The images may also change based on the time of the member computer's system clock. Each minute/hour of the day can correspond with different images. The community website creates images for the various time possibilities and tells the system which images correspond with which times of the day. When the community web site is loaded, the dynamic feature outputs the results into the normal HTML format so that modification by the member is necessary.
The easy creation of forums by members in only two steps is facilitated by steps taken in the forum management software application in software core 200. As well known to those of ordinary skill in the art, forum management software application handles a large number of functions and operational considerations associated with online forums. These include, for example, administrator privileges, editing controls, member posting rules, settings of various types, etc. Many of the functions are merely duplicated in member created forums and are the same as in forums created and sponsored by the community website. Thus, the simplified creation of member forums is made possible by tagging or otherwise identifying the portions of the forum management software application in core 200 that should be utilized in the creation of member forums are tagged or otherwise identified during the programming of the forum management software application. When members select a “Create Forum” button or similar, a software programmed method is initiated in which instances of the tagged or otherwise identified portions in the programming of the forum are recreated and used to generate the member created forum. While many of the settings are adjusted for forums sponsored by the website, most members seeking to create their own forum do not wish to have to address such details. Thus, the creation of forums by members is facilitated by utilizing the default settings. Thus, the member can easily create a forum by providing only basic information such as the title and subject matter of the forum.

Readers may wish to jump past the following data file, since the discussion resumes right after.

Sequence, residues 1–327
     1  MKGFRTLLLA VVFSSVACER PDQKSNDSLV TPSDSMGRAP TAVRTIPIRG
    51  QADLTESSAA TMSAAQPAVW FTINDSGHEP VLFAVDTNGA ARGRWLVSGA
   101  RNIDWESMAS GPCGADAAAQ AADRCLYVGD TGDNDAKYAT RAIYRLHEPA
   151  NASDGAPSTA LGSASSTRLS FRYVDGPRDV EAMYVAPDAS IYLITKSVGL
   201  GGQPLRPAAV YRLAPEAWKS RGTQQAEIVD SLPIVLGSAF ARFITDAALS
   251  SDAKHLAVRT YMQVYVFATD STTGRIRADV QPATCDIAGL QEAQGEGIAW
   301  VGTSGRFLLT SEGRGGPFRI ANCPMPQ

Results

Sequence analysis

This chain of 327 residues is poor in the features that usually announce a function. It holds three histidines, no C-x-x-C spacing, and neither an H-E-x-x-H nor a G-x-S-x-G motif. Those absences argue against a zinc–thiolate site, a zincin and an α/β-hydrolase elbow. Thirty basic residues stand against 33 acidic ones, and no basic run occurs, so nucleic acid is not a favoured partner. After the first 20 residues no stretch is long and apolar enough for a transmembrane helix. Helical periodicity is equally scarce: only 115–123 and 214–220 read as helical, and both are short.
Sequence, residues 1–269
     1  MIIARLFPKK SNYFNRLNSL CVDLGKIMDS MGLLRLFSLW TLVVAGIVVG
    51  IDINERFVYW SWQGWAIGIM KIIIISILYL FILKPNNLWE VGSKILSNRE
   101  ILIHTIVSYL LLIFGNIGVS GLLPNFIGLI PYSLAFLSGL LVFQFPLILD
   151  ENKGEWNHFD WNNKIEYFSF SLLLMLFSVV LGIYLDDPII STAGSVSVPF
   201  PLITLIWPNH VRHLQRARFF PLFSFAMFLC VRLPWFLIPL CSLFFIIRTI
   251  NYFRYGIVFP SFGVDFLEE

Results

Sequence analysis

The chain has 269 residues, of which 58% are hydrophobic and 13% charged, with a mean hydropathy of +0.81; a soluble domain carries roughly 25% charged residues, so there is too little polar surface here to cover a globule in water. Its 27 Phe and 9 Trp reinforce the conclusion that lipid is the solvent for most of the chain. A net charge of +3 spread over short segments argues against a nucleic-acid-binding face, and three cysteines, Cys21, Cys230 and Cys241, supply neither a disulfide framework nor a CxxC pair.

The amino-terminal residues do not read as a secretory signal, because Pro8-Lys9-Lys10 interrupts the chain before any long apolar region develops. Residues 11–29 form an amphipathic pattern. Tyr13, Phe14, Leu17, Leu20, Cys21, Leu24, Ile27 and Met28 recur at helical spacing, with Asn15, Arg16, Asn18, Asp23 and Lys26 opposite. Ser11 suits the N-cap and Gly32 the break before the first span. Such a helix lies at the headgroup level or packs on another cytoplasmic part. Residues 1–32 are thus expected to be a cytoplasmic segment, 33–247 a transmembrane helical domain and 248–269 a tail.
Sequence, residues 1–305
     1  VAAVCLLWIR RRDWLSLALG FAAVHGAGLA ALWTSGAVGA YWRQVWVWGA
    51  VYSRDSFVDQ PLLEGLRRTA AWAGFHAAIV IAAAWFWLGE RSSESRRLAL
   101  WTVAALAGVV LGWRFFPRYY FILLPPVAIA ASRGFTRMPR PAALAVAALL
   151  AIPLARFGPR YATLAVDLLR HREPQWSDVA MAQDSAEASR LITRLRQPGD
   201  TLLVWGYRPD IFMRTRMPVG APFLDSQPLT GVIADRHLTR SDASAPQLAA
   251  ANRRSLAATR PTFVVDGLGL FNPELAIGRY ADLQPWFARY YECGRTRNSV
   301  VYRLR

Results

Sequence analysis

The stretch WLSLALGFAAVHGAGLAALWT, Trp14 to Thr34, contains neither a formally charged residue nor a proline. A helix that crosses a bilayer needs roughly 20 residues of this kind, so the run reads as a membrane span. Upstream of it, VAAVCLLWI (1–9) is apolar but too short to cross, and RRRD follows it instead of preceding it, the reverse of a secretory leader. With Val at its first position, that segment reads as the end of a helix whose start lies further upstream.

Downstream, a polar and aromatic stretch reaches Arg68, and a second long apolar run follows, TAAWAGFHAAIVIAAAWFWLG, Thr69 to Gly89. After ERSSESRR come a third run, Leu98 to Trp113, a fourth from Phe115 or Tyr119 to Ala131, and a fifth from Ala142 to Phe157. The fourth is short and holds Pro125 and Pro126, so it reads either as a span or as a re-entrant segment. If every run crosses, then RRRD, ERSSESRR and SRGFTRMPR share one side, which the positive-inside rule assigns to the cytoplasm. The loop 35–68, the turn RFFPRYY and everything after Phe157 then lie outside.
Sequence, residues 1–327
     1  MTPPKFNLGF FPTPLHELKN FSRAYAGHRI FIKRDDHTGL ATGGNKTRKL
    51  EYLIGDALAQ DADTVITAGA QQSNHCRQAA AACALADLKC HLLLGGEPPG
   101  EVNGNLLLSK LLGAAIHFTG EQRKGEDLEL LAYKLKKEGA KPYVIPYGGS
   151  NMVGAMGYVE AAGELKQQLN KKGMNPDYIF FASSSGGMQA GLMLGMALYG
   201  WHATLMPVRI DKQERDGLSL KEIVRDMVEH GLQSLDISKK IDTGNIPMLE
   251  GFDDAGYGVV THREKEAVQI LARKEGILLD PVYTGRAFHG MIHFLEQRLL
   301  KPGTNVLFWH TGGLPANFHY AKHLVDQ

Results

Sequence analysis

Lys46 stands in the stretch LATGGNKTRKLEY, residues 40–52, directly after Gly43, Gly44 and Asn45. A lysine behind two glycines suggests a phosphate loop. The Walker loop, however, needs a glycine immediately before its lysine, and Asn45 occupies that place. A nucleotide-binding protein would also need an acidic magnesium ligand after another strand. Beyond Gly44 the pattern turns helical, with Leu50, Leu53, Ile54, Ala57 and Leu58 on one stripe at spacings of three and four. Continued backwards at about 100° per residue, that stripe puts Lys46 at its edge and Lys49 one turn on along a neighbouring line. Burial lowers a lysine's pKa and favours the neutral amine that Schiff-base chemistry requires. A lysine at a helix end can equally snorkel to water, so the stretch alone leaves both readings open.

In addition to forums, the community website also preferably permits galleries and other services to be easily created by members in a simple two click process described above for forums. This feature allows the community members to grow exponentially while increasing the content level and usefulness of the site and allows each community member to start his/her own gallery. The individual gallery is able to build up its own list of members and can be created on any topic of interest to the creator.
Preferably, members are able to create their own digital photo gallery in only two simple steps. First, the member clicks on a button or other selectable web element. The web element may be labeled “Create Gallery” for example (See FIG. 7 of the provisional application). Secondly, the member inputs basic information, such as a name, etc., for the new gallery. The new gallery is then created automatically and is ready to accept new members and accept new pictures. (See FIG. 8 of the provisional application)
The member created galleries preferably rely on the member-data of the parent site to allow for quick member registration. When a member wants to participate in a gallery created by another member, he/she simply browses a list of all galleries, and subscribes to the ones he/she is interested in with a single click of the mouse. (See FIG. 9 of the provisional application). The member created galleries rely on the member-data of the parent site but keep independent post counts, members and individual gallery characteristics. An advantageous aspect of the member created galleries is that subscribed members can upload pictures directly into, harnessing the high traffic and community of the parent site.